The universe provides answers at the most desperate of times. Sometimes, we wait for just one good thing to happen in the midst of a storm, but really, it's all those other things that we're doing when life isn't going right that reward us with the universe's failsafe to keep us from going under. Sometimes, we may miss it because we don't like what it is (it's not always our favorite option), but it leads us to the right place if we accept it. In looking at my life, I can see it many times.

For instance, today, after much debate, I decided to give up teaching for a different option (after 17.5 years in a classroom) that will be better suited for finance, family, Parkinson's, and stability, since I adjuncted for the last 14 years. That was my choice. This is my choice, too. It's still in education, but it's not teaching. I had to give up adjuncting to do this. I could still teach at a different school, but for now that part of my life is over. No fanfare, a little heavy heart, and the future is all I feel.

The other day, my beloved car was totaled. I walked away OK and so did the other guy. While my car was old, I loved it for all it did for the last 11 years. Sunday, it died keeping me safe, and while it might feel weird, I felt heartbroken, even as I bought a new to me Yaris. Today, insurance gave me a check for more than what I ever could believe it was worth.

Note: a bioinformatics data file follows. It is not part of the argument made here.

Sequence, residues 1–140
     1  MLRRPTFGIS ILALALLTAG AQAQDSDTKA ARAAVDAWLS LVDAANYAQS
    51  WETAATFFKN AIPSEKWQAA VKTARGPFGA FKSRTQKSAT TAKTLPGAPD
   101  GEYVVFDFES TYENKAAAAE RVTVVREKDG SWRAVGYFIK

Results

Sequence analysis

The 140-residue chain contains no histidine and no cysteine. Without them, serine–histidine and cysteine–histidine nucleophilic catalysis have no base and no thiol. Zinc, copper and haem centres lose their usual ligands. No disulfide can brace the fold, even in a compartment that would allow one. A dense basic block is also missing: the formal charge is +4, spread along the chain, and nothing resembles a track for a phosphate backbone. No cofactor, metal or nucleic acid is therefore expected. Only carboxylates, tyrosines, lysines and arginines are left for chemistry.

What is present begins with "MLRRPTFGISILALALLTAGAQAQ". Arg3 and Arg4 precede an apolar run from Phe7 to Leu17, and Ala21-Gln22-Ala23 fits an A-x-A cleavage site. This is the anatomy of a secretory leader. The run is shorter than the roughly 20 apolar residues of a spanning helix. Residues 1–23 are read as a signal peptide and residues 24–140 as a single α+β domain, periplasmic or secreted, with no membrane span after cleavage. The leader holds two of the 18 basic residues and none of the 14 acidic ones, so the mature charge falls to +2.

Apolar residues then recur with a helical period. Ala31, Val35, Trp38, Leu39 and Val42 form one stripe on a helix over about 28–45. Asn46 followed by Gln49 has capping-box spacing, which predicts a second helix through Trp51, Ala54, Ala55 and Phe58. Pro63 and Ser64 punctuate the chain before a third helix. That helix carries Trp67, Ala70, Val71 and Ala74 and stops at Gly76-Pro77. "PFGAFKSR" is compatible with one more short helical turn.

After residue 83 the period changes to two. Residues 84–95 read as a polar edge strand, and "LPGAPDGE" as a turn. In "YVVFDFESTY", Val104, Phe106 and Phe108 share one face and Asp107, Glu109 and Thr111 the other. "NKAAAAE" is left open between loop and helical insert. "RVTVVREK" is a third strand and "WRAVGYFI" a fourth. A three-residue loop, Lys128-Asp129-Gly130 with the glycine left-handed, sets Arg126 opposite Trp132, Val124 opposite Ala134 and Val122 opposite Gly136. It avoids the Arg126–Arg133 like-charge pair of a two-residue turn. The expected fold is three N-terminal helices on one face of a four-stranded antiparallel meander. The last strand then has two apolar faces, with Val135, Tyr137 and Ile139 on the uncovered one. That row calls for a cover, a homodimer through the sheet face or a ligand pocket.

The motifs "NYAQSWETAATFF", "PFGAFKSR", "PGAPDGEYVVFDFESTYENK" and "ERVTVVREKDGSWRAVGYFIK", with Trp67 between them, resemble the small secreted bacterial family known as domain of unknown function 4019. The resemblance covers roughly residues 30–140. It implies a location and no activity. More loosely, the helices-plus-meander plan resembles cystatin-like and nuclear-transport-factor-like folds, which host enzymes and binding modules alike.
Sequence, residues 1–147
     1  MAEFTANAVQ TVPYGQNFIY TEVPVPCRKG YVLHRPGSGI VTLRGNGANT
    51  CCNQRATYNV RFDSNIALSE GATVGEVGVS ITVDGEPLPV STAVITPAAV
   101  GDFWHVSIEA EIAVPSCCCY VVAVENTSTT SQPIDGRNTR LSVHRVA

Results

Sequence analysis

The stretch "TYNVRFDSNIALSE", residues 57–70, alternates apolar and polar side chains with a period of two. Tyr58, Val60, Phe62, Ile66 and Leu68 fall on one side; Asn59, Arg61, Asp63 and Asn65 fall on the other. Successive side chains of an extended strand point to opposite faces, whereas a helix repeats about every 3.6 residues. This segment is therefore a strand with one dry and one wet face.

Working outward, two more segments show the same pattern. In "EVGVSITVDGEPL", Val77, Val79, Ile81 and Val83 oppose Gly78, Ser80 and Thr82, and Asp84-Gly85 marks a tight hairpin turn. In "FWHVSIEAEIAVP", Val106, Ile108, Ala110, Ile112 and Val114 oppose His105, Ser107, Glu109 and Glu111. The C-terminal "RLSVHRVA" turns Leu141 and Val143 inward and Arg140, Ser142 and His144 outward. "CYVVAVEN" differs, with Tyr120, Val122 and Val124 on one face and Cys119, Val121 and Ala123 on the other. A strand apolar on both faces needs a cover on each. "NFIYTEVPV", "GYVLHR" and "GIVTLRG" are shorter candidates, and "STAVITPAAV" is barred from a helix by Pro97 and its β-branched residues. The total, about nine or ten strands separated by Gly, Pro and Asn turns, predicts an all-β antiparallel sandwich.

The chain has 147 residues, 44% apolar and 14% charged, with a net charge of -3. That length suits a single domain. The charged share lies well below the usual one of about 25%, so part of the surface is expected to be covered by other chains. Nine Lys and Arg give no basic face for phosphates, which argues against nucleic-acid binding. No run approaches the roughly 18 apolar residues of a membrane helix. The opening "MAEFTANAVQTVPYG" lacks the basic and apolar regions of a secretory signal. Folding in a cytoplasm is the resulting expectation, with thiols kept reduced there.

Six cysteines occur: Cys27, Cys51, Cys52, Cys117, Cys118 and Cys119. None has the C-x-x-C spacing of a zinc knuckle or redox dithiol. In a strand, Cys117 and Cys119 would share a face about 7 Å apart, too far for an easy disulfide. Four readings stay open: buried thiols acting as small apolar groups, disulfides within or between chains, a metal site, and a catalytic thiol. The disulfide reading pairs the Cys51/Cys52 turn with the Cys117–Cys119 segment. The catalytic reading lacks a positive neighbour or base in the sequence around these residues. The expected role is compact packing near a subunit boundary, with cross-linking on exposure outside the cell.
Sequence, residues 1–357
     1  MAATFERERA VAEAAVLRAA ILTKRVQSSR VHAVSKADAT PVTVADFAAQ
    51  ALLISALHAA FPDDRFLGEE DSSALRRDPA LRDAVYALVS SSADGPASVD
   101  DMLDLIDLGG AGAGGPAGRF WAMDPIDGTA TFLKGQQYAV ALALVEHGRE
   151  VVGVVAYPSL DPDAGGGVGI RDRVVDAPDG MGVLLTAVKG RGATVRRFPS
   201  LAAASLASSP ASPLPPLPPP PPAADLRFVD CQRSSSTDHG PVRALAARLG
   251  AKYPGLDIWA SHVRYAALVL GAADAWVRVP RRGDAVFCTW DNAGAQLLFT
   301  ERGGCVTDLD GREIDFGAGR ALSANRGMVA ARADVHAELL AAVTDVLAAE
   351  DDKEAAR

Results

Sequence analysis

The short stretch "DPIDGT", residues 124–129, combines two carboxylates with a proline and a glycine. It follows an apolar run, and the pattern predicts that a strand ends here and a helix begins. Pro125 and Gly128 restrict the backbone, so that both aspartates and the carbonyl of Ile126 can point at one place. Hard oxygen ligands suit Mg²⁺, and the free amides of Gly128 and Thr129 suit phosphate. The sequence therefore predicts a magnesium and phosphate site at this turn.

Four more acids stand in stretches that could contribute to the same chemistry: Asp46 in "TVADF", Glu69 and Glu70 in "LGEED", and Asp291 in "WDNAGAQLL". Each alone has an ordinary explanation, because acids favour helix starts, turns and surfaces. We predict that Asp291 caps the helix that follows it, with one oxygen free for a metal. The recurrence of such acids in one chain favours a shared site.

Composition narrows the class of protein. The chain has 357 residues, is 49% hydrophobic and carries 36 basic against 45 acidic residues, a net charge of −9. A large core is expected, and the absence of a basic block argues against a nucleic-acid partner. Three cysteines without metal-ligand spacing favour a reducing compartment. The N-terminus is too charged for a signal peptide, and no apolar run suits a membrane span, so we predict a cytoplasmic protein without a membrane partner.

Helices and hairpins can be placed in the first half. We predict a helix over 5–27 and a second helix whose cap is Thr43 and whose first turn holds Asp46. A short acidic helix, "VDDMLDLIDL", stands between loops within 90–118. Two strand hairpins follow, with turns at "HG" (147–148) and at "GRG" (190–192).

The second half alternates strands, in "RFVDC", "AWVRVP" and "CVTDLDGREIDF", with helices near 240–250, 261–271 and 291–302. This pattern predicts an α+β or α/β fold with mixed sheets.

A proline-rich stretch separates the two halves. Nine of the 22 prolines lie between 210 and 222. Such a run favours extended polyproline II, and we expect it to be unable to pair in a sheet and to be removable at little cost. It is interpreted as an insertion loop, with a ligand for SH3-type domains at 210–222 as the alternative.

I'm not saying any of this was a cosmic coincidence. There's no scientific study on wishing on shooting stars, divine intervention, or universal failsafes, but I would like to believe there's a plan in the world for all of us, and something that we don't understand sometimes intervenes in these things.

I'm not saying this will happen to you if you go to Letchworth. I do believe it happened to us.

All I'm saying about Letchworth is it's well worth the trip.

Nevertheless, if you give whatever you feel this power is a chance to happen and believe in the best, it will come to you wherever you are. 

For those of you with Parkinson's who read this, that might be your cure coming. I'm not betting on that for myself though, but I won't rule out what brilliant minds might be able to do.

Maybe we were meant to play a part in someone else's recovery, life, education, or love. I have no idea what either of us are in this great play that is running on the big stage.

All I know is to work through the bad, and when I can, to enjoy the good with my bestest bestest. Somewhere in the midst of that, great truths will be revealed.

Letchworth is a great place to do that, and Echosmith's "Bright" is a perfect anthem for it.